After West criticism, Russia says anti-satellite missile test poses ‘no threat’

  • At a meeting with EU defence ministers, Nato secretary-general Stoltenberg said the anti-satellite missile test “demonstrates that Russia is now developing new weapon systems that can shoot down satellites.”
Artist's impression by the European Space Agency shows the debris field in low-Earth orbit which extends to 2000 km above the Earth's surface.(AFP / File)
Artist's impression by the European Space Agency shows the debris field in low-Earth orbit which extends to 2000 km above the Earth's surface.(AFP / File)
Published on Nov 17, 2021 06:25 AM IST
Copy Link
Byhindustantimes.com | Written by Kunal Gaurav

After drawing criticism over the anti-satellite missile test, Russian defence minister Sergei Shoigu said that the fragments generated from it “do not pose any threat to space activities”. US, Britain and Nato had said that the debris field in low-Earth orbit generated by the anti-missile test was dangerous for orbiting spacecraft and would pose a hazard to space activities for years.

"The fragments that formed do not pose any threat to space activities," Shoigu said, as quoted by Russian news agencies.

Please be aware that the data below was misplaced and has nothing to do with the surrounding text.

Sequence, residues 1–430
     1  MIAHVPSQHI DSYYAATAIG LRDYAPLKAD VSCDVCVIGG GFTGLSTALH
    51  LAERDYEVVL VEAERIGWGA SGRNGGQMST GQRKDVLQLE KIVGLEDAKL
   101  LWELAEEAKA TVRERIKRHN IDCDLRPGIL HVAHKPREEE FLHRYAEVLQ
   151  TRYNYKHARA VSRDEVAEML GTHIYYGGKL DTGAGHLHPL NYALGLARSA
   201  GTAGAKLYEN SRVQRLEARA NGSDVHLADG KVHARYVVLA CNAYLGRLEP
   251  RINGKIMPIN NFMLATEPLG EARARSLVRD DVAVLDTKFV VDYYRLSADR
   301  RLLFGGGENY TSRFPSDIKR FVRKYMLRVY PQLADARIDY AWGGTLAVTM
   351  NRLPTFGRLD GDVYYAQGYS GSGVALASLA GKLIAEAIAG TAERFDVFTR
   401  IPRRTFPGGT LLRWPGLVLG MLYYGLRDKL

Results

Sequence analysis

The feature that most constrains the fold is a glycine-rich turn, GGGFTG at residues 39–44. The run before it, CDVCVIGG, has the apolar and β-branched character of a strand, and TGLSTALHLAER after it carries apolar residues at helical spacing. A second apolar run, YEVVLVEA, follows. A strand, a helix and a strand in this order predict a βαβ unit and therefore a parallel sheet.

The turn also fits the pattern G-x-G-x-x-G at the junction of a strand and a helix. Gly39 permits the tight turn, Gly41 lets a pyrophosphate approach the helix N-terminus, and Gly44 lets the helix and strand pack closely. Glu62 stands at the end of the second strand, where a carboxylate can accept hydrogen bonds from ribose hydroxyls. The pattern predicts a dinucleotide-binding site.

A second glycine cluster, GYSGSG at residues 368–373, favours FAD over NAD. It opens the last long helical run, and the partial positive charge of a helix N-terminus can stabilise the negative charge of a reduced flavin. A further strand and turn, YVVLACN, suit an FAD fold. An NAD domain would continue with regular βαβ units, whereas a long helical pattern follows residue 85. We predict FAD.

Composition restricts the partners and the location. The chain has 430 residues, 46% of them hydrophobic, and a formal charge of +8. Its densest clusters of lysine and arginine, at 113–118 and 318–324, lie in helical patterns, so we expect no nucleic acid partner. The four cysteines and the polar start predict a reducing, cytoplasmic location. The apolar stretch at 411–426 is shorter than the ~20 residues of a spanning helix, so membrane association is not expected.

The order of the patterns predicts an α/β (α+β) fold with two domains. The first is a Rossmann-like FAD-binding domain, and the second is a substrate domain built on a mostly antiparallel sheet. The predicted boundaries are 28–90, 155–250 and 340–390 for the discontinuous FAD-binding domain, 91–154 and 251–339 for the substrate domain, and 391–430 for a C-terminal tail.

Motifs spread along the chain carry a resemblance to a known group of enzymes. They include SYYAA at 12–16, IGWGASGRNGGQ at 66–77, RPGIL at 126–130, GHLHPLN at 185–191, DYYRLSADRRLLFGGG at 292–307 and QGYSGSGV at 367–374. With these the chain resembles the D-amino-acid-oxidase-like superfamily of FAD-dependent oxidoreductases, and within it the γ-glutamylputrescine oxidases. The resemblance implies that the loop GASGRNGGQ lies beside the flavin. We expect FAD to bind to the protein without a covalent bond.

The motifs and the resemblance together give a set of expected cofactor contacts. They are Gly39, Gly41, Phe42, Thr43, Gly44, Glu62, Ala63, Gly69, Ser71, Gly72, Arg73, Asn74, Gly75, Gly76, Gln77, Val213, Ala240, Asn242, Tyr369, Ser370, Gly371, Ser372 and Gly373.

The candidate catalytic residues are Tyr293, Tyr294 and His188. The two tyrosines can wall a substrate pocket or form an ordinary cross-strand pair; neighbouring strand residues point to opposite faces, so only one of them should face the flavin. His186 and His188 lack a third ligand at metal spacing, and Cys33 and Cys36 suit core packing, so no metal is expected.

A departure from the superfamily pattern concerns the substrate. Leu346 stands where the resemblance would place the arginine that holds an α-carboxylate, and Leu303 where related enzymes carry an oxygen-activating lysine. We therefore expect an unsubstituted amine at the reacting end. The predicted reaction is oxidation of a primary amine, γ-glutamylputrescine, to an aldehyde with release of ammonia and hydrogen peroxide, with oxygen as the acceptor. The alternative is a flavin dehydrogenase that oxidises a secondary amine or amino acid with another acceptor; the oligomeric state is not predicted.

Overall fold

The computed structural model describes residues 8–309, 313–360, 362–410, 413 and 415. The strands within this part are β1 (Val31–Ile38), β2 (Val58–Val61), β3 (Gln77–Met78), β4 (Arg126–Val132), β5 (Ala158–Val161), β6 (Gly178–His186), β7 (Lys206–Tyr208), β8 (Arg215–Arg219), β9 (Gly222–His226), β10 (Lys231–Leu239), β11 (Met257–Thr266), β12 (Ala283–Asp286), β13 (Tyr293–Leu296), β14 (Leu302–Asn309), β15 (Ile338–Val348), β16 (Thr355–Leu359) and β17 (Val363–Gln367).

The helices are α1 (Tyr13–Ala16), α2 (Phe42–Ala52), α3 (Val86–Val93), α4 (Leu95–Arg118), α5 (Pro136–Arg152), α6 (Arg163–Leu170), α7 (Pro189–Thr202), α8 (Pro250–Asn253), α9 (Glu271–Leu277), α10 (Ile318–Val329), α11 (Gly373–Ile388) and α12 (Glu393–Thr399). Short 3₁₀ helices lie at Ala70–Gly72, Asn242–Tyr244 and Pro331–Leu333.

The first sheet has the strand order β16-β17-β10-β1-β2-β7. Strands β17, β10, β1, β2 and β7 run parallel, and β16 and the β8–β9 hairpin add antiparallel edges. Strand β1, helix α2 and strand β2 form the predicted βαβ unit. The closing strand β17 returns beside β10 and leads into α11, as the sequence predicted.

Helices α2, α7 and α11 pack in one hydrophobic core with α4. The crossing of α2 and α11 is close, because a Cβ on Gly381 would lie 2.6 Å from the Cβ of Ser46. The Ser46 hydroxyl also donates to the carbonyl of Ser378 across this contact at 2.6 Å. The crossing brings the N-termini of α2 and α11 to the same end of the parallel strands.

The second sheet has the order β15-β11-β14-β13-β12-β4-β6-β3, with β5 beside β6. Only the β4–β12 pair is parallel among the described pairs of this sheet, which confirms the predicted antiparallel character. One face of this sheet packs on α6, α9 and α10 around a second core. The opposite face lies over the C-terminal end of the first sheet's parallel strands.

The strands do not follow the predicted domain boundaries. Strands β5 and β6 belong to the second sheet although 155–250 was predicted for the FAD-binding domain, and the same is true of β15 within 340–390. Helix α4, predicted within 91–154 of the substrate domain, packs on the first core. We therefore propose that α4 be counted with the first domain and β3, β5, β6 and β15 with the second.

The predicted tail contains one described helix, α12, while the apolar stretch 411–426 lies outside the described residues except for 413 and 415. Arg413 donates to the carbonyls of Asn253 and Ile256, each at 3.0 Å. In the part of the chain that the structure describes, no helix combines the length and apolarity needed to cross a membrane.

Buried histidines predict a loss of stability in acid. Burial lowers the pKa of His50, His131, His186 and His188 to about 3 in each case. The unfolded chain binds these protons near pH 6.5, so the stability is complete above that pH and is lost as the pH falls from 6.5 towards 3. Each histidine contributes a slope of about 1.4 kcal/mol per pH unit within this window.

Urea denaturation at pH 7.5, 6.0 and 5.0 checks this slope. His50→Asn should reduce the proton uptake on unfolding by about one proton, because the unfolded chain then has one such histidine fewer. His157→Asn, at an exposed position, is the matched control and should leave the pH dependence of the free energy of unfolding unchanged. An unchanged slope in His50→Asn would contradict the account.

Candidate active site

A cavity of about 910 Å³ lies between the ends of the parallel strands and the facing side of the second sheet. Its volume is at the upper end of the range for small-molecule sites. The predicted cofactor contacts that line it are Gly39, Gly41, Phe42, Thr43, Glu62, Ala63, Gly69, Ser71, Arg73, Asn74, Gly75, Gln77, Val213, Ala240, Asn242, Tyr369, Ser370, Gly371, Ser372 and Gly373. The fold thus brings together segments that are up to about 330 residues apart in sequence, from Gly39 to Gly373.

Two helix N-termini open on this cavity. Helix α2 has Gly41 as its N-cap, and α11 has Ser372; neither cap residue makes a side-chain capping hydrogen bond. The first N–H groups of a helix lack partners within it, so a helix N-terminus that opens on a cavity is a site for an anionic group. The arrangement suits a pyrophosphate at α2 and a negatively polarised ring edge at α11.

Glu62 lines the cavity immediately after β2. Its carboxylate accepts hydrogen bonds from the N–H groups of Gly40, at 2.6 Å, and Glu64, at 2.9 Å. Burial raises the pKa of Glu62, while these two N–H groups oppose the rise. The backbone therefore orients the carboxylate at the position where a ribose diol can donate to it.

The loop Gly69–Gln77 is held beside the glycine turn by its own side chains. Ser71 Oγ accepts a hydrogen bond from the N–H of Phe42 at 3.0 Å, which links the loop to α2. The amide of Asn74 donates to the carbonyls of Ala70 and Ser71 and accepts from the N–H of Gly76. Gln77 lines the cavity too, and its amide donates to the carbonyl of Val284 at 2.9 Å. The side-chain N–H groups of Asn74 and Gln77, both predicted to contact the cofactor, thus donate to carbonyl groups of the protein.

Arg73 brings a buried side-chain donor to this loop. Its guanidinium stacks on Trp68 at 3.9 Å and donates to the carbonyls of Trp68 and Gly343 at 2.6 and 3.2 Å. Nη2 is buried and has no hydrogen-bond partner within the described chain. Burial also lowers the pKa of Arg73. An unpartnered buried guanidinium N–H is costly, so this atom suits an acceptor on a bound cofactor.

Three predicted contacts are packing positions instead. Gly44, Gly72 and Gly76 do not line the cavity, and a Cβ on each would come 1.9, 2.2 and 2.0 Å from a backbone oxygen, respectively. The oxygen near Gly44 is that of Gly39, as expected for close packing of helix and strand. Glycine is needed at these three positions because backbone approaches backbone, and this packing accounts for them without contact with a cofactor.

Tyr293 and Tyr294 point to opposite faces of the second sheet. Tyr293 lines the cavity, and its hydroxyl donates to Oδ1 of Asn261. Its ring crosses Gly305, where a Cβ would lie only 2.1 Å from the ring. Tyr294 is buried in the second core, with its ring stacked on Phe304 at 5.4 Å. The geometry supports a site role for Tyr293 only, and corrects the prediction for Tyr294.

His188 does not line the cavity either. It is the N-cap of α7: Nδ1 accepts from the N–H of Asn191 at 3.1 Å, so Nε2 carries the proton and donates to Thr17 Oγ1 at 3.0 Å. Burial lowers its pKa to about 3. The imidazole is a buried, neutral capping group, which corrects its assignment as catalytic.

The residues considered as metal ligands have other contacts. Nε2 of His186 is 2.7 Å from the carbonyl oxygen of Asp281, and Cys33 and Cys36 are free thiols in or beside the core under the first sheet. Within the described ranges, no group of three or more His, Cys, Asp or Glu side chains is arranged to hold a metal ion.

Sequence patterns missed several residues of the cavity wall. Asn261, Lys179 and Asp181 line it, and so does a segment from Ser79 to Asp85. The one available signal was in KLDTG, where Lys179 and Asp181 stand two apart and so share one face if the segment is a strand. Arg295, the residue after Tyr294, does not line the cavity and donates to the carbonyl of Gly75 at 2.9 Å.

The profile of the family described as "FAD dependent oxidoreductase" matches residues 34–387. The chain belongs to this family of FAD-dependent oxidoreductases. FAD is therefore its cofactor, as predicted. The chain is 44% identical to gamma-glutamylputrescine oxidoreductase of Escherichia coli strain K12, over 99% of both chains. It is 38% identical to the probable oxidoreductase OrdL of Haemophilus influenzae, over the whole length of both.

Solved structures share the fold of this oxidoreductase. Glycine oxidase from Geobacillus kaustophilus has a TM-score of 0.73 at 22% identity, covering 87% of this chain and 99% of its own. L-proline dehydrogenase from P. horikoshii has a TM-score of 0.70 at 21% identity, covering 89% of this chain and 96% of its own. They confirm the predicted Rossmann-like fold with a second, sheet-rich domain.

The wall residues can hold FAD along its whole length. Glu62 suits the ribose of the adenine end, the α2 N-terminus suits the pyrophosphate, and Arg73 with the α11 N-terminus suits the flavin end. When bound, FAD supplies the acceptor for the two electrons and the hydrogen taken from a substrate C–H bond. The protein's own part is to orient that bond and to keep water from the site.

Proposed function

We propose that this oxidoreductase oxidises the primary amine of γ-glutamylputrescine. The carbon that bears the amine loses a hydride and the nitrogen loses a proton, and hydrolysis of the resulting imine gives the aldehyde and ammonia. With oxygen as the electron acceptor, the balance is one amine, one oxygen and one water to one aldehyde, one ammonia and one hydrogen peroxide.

The anti-satellite missile test destroyed Russian spacecraft ‘Tselina-D’ which had been in the orbit since 1982, according to the Russian defence ministry. Shoigu said that the test used a “promising” system that “accurately” hit its target. Russia cited Washington’s move to establish a space force in 2020 as a reason to beef up its defence capabilities in space.

"The Russian Ministry of Defence successfully conducted a test on Nov. 15 that hit the non-operational Russian spacecraft Tselina-D, which had been in orbit since 1982," the defence ministry said in a statement.

Debris from Russian space missile test puts ISS crew in danger

The test drew ire from the West, with Nato secretary-general Jens Stoltenberg calling it a “reckless” and “concerning” act. At a meeting with EU defence ministers, Stoltenberg said the anti-satellite missile test “demonstrates that Russia is now developing new weapon systems that can shoot down satellites.”

France labelled Russia as “space vandals” for producing dangerous amounts of debris.

US secretary of state Antony Blinken said that the debris would continue to threaten satellites and activities on the International Space Station which currently has seven crew members on board.

The space station has faced frequent issues in recent times, including the smoke alarm incident in the Russian module of the ISS in September. Russia has indicated to leave the space station after 2025 and launch its own orbital station given the frequent issues with the ISS.

(With inputs from agencies)

SHARE THIS ARTICLE ON
Close Story
SHARE
Story Saved
OPEN APP
×
Saved Articles
Following
My Reads
Sign out
New Delhi 0C
Wednesday, December 08, 2021